A milk tanker travels down a country lane© Road Transport Media/REX/Shuttestock

Dairy market analysts are at odds over how much the market should be returning to UK producers.

The Dairy Group’s Nick Holt-Martyn believes that six months of relative market stability justifies a farmgate return of 30p/litre. Independent expert Chris Walkland says that prediction is too optimistic and between 25-27p/litre for spring is more accurate.

Since October 2017 processor market returns for liquid milk have increased by 9%, while returns for cheese, skim-milk powder (SMP) and cream and butter have dropped by 5%, 25% and 32% respectively, according to Mr Holt-Martyn.

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However, as liquid milk and cheese account for 81% of UK milk use, they act as a counterbalance against the more volatile, but less traded, smaller commodities.

Market price equivalent

He calculates a market price equivalent (MPE) which is a dairy indicator showing the likely market returns available to the farmer.

Based on actual wholesale prices after processing costs and accounting for 90% of UK market utilisation of milk, the MPE hit 31.7p/litre in March, 5.4% ahead of the same month a year ago.

Despite the MPE being 1.59p/litre ahead of March 2017, Mr Holt-Martyn said some processors were citing weakening markets as the reason behind milk price cuts.

“The farmgate price should follow the fall in market returns which have stabilised, aided by the poor late winter/early spring weather.”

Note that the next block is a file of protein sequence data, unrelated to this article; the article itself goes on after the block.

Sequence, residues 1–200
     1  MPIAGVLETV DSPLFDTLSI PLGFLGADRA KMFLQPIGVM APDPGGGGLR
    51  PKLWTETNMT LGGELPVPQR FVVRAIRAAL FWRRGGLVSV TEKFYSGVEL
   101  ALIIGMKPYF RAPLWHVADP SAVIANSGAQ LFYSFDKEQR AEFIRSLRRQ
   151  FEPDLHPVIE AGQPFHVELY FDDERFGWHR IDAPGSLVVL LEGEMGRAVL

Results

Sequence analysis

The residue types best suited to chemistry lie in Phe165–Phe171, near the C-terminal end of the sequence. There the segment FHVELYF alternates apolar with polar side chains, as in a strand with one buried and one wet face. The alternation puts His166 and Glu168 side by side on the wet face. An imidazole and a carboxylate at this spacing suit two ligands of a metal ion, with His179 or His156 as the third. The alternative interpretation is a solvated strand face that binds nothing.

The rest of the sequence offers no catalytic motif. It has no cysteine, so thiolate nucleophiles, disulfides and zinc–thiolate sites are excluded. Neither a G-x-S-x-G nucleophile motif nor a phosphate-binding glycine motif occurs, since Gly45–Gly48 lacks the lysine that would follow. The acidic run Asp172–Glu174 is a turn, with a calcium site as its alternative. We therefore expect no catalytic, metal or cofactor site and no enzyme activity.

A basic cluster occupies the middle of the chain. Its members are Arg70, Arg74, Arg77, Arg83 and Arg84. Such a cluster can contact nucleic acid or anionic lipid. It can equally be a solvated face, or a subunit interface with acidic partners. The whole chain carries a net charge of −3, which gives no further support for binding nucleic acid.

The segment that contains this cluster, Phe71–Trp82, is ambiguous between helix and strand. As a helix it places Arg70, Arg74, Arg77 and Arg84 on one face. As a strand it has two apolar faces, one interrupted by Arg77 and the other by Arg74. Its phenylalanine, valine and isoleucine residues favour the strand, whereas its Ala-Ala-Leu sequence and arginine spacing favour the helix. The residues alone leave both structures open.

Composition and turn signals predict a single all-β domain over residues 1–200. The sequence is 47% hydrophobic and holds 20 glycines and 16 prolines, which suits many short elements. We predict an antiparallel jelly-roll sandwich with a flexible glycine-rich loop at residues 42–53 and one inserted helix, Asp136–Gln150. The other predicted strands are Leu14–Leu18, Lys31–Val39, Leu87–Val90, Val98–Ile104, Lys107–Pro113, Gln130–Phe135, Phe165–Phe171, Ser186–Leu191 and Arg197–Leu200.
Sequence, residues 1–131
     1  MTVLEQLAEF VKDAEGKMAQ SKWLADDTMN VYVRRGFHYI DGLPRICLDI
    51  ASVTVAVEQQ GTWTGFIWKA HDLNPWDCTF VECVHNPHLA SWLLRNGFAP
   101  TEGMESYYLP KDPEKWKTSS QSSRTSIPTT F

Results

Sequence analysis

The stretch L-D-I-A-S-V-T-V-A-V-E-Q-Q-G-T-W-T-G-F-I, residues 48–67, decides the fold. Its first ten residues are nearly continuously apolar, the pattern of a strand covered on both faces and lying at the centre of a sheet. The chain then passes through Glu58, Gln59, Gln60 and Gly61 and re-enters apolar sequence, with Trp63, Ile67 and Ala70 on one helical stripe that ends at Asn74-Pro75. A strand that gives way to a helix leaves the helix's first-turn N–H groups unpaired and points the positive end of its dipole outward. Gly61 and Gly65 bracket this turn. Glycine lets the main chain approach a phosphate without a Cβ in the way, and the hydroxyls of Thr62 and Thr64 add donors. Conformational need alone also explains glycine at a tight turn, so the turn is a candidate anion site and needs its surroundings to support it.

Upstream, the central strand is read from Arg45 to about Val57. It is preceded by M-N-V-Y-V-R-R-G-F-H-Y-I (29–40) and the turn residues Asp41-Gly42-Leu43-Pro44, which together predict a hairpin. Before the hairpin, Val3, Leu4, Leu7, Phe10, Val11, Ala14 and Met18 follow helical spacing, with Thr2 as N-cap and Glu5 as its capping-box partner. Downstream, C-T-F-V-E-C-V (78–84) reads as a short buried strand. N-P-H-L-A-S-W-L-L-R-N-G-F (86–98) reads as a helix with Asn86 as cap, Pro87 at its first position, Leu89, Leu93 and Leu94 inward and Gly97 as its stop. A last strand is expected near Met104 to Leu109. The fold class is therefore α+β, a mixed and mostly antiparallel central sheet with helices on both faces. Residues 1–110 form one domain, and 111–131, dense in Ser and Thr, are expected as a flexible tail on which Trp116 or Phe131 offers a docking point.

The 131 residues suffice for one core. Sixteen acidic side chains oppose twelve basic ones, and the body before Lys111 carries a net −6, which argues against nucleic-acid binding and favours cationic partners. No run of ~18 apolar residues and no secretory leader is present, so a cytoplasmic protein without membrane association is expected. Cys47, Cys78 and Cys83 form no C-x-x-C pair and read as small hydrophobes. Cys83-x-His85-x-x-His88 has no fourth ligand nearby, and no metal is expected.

He added “Overcutting of prices will be seen as unfair margin protection and profit-taking.”

30p/litre?

However, Mr Walkland said producers should expect 25-27p/litre this spring and there was no way dairy markets should be returning 30p/litre.

“Normally MPE is a pretty good indicator of where the market is, but I don’t recognise this figure at all,” said Mr Walkland.

Recent accounts from dairy processor Graham’s proved milk buyers aren’t making huge profits from liquid milk at the moment, he added.

“From where I’m looking milk prices have come down in line with commodities and are where I predicted they would be based on GDT returns per litre equivalent, UK futures and New Zealand futures markets.

“If you look at AMPE futures pricing after transport costs, they are returning 24-25p/litre and the latest Ulster Farmers Union milk price index (MPI) puts Northern Ireland farmgate prices at 26.85p/litre for 6 April.”

Mr Walkland added as the worst spring in living memory continues, to state that the market should return 30p/litre sent out all the wrong messages to producers.